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Richard Sibbes on General Love

August 31, 2007

The point is clear. I will not answer all the objections might be brought, only encounter with some of the main ones, which are brought by the papists against this truth. Saint Paul’s meaning, therefore, is not that he loved me with that love wherewith he loved all mankind. The apostle means a more special love, ‘He loved me so as he gave himself for me;’ that is, with a more special love than he bears to all mankind. This is a point that tends to God’s honour and man’s comfort ; for God hath the more praise and thanks from his elect, and those that are redeemed by the peculiarness of it, which the more it is, the more they acknowledge themselves bound unto God and Christ. These are they that are elected, these are they for whom the Scriptures are, for whom the world stands and Christ came, Ps. cxvi. 1. They love God and single him out, and the more they do so, God doth single them out to delight in. Peculiarity enhanceth and raiseth favours to higher degrees than otherwise. The fewer that are taken out of the world from the refuse of mankind, the more their hearts are inflamed to love God again. God, as the psalmist says, hath not dealt so with every nation, Ps. cxlvii. 20. When will a man be most thankful to God and give him glory, but when he can say, Thou hast not dealt so with the rest of the world ; what is in me more than in the rest of mankind ? I differ nothing from them but in thy peculiar love. Hereupon comes the heart to be knit in love unto Christ again.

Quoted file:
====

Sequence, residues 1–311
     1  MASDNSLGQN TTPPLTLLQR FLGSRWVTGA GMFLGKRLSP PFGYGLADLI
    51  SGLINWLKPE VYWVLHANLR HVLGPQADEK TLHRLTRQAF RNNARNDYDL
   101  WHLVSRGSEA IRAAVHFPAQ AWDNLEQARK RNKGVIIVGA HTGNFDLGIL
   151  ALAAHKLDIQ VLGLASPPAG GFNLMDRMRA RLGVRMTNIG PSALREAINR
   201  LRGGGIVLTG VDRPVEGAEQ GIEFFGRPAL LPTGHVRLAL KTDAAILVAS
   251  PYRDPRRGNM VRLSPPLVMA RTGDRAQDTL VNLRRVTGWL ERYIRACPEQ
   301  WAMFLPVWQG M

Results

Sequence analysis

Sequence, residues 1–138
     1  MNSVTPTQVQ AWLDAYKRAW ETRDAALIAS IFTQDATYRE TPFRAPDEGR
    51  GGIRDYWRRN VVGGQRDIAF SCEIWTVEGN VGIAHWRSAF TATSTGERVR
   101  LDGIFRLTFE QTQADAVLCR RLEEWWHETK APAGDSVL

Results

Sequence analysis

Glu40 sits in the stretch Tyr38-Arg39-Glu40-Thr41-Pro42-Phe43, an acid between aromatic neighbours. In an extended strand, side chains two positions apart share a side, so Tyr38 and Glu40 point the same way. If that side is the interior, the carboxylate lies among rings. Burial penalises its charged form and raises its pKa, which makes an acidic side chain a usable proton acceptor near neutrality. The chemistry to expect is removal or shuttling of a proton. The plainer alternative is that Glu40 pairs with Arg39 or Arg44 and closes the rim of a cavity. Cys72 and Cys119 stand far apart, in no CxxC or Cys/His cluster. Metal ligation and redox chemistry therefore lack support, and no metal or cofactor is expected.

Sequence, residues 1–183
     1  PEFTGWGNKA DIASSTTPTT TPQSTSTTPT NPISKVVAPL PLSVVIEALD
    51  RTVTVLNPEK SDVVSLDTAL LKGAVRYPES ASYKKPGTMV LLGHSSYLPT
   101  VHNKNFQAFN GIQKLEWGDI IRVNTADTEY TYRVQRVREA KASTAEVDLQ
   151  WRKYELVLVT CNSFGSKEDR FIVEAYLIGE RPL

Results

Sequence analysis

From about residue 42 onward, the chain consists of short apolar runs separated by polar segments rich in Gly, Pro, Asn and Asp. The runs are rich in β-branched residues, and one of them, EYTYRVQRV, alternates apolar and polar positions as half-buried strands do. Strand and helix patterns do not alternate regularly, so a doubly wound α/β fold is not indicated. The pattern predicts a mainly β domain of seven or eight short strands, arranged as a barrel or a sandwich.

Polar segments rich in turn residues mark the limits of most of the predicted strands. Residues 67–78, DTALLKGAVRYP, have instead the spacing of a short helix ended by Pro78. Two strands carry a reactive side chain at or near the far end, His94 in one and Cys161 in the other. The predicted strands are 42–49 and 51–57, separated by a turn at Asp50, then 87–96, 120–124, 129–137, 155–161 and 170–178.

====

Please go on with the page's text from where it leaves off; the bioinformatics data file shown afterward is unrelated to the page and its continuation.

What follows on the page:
Sibbes, “Salvation Applied,” in Works, 5:389.

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